In the last month and a half alone, 7 October 2015 to today, six suicide bombings, claimed by the Islamic State (IS) have occurred.
A female IS suicide bomber detonated herself October 7 in a mosque in Sana’a, Yemen, killing seven and leaving three wounded. Just three days later, two suicide bombers blew themselves up near Ankara Central Station in Turkey, where a “Labour, Peace, and Democracy” rally was taking place. In the deadliest attack on Turkish soil in modern history, 102 were killed and 508 were injured. Two weeks later, Najran, Saudi Arabia experienced an attack 26 October. An IS bomber detonated himself in a Shia Al-Mashhad mosque, killing two men and wounding another 19. The next day, seven people died and over 19 were injured in Baghdad, Iraq, after a suicide bombing inside a refreshments tent serving Shiite pilgrims. Weeks later, two suicide bombers performed 12 November a coordinated attack in a busy open-air market and residential neighborhood in southern Beirut, Lebanon leaving 43 dead and 240 wounded. And the most recent attack, on 13 November happened in Paris, France. Several attacks happened nearly simultaneously across central Paris, a restaurant shooting, and suicide bombings at a rock concert and football stadium. The attack, not even a year after the Charlie Hebdo shooting (7 January 2015), left another 129 people dead and 352 wounded.
The world is shaken, scared, and angry. One cannot help but shudder at the thought of such chaos and carnage happening in such innocent locations: a peaceful rally, a neighborhood street, a restaurant, or a football stadium. These places are supposed to be mundane, average places visited in everyday life. These attacks have perverted and distorted our sense of safety. We tell ourselves not to live in constant fear, but in the recent weeks, it is impossible turn on the news without being shocked at the newest atrocity that has occurred.
Some have said that these attacks have happened because of the ‘porous’ borders of France and Lebanon. But, as I wrote in my previous article, Moving Parts: A Look at Where Islamic State Gets its Man and Machine Power From, nearly every country in the Western Hemisphere has someone to worry about.
In the Turkish suicide bombing, one of the identified bombers was Yunus Emre Alagoz. He was the owner of a suspected Islamic State (IS) gathering place and also the older brother of Seyh Abdurrahman Alagoz, a suicide bomber who killed 33 pro-Kurdish activists in the town of Suruc on 20 July 2015. Both of the brothers are well known to Turkish media: they operated a café called the ‘Islam Tea House’ in Adiyama, a southeastern city in Turkey considered a nexus of Islamic State activity. Reporters and Turkish publications claim they have been ‘sounding the alarm’ on these suspected IS militants for more than two years.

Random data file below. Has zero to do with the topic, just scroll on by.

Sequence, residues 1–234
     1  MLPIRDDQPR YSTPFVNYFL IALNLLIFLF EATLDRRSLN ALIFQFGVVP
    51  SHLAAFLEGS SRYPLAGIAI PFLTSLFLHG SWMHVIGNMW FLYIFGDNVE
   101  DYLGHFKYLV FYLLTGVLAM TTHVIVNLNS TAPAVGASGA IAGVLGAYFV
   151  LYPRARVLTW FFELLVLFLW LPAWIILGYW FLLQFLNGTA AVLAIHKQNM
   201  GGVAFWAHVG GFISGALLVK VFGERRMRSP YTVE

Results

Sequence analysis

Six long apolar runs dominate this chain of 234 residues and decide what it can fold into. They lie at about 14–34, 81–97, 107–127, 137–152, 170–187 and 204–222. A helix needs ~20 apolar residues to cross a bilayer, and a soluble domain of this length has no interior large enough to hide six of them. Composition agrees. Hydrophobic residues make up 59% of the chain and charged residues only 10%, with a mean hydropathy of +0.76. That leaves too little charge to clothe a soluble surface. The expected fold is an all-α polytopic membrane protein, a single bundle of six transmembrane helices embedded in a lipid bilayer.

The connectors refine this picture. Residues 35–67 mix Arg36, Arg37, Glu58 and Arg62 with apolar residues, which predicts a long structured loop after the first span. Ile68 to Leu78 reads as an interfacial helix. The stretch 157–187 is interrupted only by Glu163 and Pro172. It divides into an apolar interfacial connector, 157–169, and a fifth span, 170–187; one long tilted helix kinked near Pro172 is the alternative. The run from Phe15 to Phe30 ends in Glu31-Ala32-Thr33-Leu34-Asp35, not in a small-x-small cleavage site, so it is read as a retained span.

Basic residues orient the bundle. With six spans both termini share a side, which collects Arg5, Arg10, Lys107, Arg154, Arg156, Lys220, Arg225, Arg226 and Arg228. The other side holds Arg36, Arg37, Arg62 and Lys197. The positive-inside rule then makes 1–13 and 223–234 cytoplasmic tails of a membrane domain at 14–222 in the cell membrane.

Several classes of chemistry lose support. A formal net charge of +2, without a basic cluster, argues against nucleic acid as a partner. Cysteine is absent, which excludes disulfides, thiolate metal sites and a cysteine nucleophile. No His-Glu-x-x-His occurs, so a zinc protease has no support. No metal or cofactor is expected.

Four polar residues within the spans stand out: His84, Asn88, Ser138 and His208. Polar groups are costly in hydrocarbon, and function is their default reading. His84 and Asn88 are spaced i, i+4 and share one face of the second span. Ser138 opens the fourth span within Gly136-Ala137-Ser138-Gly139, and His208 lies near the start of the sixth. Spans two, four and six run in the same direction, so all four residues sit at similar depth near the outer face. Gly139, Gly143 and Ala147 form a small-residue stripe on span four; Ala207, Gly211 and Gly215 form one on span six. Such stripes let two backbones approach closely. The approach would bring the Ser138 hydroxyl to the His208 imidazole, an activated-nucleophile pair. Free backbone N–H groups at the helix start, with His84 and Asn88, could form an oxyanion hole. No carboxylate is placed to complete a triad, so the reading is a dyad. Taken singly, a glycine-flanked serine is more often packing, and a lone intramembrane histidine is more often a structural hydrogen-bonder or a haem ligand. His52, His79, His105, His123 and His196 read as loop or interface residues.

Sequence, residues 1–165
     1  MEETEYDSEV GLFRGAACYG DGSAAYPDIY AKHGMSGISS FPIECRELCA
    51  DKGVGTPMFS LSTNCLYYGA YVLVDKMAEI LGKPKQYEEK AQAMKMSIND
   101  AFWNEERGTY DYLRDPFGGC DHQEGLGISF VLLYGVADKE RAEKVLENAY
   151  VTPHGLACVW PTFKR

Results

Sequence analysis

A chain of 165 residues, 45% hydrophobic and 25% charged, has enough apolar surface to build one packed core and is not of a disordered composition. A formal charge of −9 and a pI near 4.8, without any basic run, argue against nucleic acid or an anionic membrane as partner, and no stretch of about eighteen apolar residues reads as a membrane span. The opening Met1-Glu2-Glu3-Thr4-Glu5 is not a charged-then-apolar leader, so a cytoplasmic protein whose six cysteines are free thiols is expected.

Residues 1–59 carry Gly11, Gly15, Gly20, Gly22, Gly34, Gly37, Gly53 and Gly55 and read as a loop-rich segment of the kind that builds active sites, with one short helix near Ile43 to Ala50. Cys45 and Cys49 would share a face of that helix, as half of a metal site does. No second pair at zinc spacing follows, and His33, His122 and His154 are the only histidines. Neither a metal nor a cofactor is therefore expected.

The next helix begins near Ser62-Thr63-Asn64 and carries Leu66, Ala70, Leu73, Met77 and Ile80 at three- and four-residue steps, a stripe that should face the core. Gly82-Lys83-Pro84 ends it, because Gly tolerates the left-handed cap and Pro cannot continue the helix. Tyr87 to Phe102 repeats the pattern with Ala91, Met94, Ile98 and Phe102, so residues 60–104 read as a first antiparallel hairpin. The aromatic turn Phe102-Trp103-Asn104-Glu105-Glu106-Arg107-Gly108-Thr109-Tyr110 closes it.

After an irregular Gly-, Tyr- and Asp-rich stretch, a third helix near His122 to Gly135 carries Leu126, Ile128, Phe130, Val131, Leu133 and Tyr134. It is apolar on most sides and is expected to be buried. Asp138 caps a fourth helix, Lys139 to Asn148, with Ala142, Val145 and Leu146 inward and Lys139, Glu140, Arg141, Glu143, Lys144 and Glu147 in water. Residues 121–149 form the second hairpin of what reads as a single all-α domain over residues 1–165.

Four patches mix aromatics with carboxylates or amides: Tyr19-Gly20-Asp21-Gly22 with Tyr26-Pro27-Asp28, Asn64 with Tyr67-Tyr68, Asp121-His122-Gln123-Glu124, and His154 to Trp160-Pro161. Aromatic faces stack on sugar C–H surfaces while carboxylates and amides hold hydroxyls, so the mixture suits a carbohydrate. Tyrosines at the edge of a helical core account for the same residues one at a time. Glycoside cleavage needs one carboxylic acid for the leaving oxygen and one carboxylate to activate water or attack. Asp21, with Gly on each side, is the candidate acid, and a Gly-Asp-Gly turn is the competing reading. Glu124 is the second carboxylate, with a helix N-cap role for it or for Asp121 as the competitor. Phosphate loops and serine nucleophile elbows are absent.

Radikal, a Turkish newspaper, says that it has been covering radical Islamic militants in the city of Adiyaman since 2013. Columnist Ezgi Basaran, in correspondence with Bloomberg, explains that writers like himself have written these sorts of stories over and over, ‘We have lists of their names. Does the state not know what we know?’ Turkish media and reporters have written extensively about these bombers in the press, and criticize no preemptive action taken by the Turkish National Intelligence Agency.
In Beruit, there was a failed suicide attempt. The man, a Lebanese national, from Tripoli, Lebanon, told investigators he was an IS recruit and the three other attackers arrived with him from Syria two days before the attack.
Although not much is known about the identities of the Paris attackers, one of the perpetrators was recently identified by his fingerprints. Omar Ismail Mostefai (29), was a French national. He was known by authorities as a petty criminal, but was not thought as such a threat as a potential terrorist. His father and brother have both been arrested as of 15 November as potential suspects and/or accomplices.
These latest attacks illustrate a larger issue: Islamic radicals are being recruited in plain sight. The recent bombing in Ankara, Turkey is not the only incident where the bomber was a well-known threat before their attack. Cherif Kouachi had his name in the New York Times and was known by French police before attacking 7 January 2015 the offices of Charlie Hebdo in Paris. Additionally, the man who held seventeen hostages in an Australian café in 2014 had been previously interviewed by the Australian Security Intelligence Organization several times before he attacked the café in Sydney, leaving three people dead.
Even the most recent attack in Paris, France, has people wondering why more precautions are not put into place. There are some defensive remarks made about not being able to preemptively arrest suicide bombers. Turkey’s Prime Minister Ahmet Davutoglu said in an interview on national television just two days after the Ankara attack that Turkey was aware of potential threats, but couldn’t do much about them. The issue is, according to Davutoglu, that although Turkey’s National Intelligence Agency is aware of those who might carry out suicide bombings, ‘as a country with rule of law, you can’t arrest them until the act.’
Critics, concerned citizens, and mourning friends and families of the deceased argue that not being able to arrest suicide bombers does not justify the lack of precaution.